Which goes some way in explaining her explosion in popularity. The worldview of millennials and Gen Z is strongly cynical and somehow post-postmodern. It aligns with many points of nihilism, so much so that a tongue-in-cheek phrase has been coined to describe today’s zeitgeist- ‘millenihilism‘. Other hallmarks of a typical millennial or Gen Z kid include openness regarding mental health, self-deprecating, absurd-style humour, longing for death, and just a general, pervading sense of existential ennui.
This willingness to explore the dark side of her reality is further emphasised by Billie’s visual aesthetic. For one, her videos are more than just an afterthought. They’re carefully crafted, drawing on imagery associated with tech-punk/horror-fantasy tropes to build a uniquely Billie-esque world where the line between nightmares and waking is blurred. Black tar, bleeding eyes, needles, demonic forces and fire resonate with her core audience much more than midriffs and schoolgirl skirts could ever hope to achieve.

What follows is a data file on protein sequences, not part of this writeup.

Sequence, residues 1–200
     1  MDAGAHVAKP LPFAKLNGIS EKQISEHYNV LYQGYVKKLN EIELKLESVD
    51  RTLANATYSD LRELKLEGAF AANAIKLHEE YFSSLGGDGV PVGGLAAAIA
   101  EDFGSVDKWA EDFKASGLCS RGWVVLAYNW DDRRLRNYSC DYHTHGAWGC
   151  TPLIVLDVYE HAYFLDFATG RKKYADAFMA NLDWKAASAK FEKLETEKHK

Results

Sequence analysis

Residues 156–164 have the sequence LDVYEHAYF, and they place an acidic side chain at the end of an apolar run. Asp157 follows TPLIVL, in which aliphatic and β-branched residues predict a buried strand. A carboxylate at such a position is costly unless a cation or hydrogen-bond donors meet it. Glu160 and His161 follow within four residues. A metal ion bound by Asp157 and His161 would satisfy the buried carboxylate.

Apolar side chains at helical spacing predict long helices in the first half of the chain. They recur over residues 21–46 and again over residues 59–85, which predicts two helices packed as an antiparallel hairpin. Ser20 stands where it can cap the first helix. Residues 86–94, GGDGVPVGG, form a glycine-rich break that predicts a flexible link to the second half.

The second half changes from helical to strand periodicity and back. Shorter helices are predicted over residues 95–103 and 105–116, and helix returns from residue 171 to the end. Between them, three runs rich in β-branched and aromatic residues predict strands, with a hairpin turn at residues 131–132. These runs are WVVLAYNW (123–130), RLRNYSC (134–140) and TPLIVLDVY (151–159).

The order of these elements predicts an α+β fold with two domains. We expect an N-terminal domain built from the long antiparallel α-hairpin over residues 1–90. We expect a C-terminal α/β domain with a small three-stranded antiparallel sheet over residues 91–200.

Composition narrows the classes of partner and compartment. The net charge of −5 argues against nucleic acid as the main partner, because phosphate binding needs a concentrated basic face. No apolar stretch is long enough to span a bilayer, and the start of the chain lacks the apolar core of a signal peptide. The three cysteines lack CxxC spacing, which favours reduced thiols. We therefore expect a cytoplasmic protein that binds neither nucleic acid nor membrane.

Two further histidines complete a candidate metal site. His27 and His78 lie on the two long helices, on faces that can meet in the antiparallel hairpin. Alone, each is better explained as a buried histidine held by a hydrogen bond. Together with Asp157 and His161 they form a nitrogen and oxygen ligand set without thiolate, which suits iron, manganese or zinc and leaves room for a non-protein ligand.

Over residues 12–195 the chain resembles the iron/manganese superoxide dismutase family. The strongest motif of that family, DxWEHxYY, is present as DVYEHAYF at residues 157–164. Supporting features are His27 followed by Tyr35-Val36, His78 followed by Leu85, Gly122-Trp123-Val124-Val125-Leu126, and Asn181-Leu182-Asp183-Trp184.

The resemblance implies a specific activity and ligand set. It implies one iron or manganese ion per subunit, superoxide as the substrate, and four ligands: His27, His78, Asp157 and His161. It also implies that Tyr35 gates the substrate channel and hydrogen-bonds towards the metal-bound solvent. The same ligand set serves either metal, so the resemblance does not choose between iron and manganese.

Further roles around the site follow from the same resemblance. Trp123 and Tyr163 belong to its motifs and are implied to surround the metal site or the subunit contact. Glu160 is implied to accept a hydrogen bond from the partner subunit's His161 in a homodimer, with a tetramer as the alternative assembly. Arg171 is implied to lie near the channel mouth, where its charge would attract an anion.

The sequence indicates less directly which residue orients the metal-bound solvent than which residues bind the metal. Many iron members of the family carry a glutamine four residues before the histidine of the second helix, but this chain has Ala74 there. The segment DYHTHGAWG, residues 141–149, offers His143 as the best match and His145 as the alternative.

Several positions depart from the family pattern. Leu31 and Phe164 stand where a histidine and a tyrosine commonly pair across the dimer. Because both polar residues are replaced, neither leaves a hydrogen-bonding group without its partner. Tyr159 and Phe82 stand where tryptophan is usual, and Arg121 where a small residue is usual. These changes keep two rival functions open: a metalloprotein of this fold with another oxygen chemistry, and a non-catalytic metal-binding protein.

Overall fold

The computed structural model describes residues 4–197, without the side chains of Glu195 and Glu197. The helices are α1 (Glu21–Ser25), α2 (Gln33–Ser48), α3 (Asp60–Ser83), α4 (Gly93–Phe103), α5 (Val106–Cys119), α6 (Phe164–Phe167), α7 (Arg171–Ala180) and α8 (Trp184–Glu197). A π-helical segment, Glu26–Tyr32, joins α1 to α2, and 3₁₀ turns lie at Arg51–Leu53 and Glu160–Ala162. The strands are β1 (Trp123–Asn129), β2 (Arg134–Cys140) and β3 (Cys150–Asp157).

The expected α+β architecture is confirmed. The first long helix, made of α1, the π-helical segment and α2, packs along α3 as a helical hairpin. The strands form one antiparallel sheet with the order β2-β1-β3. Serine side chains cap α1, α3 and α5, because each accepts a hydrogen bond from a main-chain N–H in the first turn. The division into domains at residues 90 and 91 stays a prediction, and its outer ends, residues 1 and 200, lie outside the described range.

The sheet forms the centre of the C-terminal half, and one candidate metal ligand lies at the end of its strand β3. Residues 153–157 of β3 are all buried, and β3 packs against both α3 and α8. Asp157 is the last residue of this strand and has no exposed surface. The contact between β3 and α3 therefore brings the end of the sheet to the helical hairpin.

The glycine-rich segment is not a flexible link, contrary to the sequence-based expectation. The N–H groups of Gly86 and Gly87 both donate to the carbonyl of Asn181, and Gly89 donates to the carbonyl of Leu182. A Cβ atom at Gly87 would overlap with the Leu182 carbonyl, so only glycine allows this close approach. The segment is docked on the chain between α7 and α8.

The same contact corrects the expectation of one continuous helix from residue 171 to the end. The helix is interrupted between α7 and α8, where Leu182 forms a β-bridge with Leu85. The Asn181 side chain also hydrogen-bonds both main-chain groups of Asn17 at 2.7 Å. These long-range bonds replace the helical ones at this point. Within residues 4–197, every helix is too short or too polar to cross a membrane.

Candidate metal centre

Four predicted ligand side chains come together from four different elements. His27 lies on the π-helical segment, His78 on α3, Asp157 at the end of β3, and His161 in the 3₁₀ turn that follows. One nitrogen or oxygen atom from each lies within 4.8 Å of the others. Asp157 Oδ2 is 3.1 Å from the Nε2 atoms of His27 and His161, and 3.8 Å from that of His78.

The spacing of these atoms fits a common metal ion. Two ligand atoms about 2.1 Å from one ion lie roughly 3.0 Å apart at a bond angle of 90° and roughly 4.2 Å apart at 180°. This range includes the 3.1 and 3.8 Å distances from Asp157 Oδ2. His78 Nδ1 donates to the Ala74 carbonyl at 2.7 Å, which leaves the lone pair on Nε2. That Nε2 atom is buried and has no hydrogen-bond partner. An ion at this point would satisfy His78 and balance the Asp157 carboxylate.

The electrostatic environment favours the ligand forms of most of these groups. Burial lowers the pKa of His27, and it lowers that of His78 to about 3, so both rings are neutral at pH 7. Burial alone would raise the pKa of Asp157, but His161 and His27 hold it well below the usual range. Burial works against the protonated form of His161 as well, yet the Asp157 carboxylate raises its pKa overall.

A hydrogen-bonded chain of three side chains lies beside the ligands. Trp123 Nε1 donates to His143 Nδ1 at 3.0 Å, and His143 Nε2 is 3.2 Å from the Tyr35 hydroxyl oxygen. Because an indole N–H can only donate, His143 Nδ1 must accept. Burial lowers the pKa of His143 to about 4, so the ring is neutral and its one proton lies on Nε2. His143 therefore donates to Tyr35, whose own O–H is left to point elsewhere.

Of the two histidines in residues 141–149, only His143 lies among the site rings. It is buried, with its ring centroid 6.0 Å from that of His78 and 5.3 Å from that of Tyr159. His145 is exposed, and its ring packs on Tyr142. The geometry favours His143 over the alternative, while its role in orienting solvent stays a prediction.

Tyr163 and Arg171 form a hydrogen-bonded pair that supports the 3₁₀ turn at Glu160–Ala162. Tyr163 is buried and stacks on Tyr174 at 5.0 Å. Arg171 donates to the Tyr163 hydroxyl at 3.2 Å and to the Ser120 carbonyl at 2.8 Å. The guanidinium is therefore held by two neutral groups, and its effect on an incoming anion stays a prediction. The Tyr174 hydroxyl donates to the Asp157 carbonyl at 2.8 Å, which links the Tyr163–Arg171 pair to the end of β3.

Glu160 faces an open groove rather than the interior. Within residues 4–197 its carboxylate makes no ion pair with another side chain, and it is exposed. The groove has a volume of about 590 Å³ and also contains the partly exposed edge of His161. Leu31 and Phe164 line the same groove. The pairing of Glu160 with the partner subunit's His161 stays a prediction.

Secondly, the other visual aspect of Billie Eilish that is just as vital to her success is her fashion. It’s punk for a new generation raised on Instagram, memes, and luxury labels. Her choices are a confronting amalgamation of Hot Topic, Hypebeast and Roy Lichtenstein, if Lichtenstein had grown up reading manga under a black light. By creating what might be traditionally considered sartorial abominations, Eilish subverts the fashion establishment, while telling her fanbase that it’s ok to just do you.